In simple terms, Ethics are the processes, procedures and behaviours that a business adheres to in its daily dealings with its various stakeholders. What is accepatable as moral behaviour in one country might not be accepted in another jurisdiction but nevertheless, a line should be drawn between what is wrong and what is not and a balance established. During the last decade, we witnessed a host of multinational corporations crumble to their feet due to unethical business practices. The famously known ones are Enron, WorldCom and the accounting firm Arthur Andersen. Recent casualties of unethical behaviour include Lehman Brothers and Bear Stearns, both former US Investment banks. These two financial institutions focused on short-term gains at the expense of their long-term survival.
With most businesses driven by profit motive, the manner in which those profits are obtained becomes a topical issue. Falsifying records and accepting a bribe has serious consequences and in most cases resulting in prolonged jail sentences. A case in point is that of four Rio Tinto Executives who admitted to a Chinese Court that they accepted bribes. Another example would be that of the disgraced Bernard Madoff, a former stock broker, who is serving 150 years imprisonment for defrauding investors.
With sustainability issues now on the main agenda of many Political leaders, businesses are under more scrutiny than before. They have to constantly monitor the level of their CO2 emissions and the impact their business activities has on society and the environment.
Lessons can be learnt from the recent BP oil spills in the Gulf of Mexico. According to the BBC, the cost to BP of containing the spill and securing the original well is running at about $6m (£3.9m) a day. Although BP refuses to accept responsibility and puts the blame on Transocean, the owner and operator of the failed equipment which caused the explosion, I strongly believe that the BP engineering team failed on their risk management. They should have routinely assessed the nature and condition of the equipment to see if there were any problems. To me its like hiring a vehicle from Rent-A-Car and you as the driver you still expect Rent-A-Car to come and check the oil and petrol level for you.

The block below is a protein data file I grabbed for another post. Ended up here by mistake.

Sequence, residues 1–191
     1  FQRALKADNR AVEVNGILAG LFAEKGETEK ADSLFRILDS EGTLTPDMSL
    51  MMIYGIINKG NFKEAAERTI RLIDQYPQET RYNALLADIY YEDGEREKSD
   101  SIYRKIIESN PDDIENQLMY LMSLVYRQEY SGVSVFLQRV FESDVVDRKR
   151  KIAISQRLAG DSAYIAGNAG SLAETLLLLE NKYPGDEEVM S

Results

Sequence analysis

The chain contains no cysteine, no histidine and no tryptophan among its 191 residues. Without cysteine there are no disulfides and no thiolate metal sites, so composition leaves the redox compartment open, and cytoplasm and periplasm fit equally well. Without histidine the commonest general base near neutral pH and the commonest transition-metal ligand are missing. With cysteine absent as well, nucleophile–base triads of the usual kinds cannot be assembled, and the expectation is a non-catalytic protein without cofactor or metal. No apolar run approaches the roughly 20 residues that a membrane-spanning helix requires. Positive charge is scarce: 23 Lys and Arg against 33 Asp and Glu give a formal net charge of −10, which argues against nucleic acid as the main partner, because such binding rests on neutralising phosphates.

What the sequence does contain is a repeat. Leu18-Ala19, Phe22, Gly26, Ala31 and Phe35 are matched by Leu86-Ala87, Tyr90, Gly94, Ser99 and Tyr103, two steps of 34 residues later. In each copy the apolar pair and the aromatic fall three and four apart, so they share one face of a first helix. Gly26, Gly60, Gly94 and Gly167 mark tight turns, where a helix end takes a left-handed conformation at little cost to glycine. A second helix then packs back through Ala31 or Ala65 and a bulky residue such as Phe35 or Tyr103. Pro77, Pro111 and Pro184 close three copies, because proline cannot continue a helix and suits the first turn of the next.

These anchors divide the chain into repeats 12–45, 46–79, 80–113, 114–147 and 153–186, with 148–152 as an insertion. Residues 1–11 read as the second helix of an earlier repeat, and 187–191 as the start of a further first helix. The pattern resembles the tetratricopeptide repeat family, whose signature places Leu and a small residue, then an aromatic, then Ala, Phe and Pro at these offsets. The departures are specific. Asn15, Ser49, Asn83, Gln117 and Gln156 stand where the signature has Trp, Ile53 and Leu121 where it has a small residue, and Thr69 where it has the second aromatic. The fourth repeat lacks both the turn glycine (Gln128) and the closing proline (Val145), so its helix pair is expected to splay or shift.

From the above cases, it can be seen that there is need for integration between sustainability, ethics and strategy when it comes to business planning. Failure to do that, the costs can be unbearable in the future. Sustainability & ethical issues should not be viewed as either compliance-driven activities or be regarded as a cost, but rather as part of how the business generates value. They are drivers of business performance. As a leader, questions that you should be asking include:
# Where do we draw the line between ethical and unethical behaviour?
# The strategies we are pursuing today, what impact do they have, socially and environmentally?
# Is our sustainability strategy aligned to the overall business strategy?
# Is our sustainability reporting integrated with financial reporting?
# Are we investing enough in activities associated with ethical and sustainability issues?
# Are we only focusing on the short-term financial gains and ignoring long-term sustainability?
# How knowledgeable and skilled are our employees when it comes to ethics and sustainability? Do they need further education & training?
# How ethical is the nature in which we win contracts or business projects?
Answering these questions should provide a starting platform for your organisation to build a long-term sustainable and ethical business model.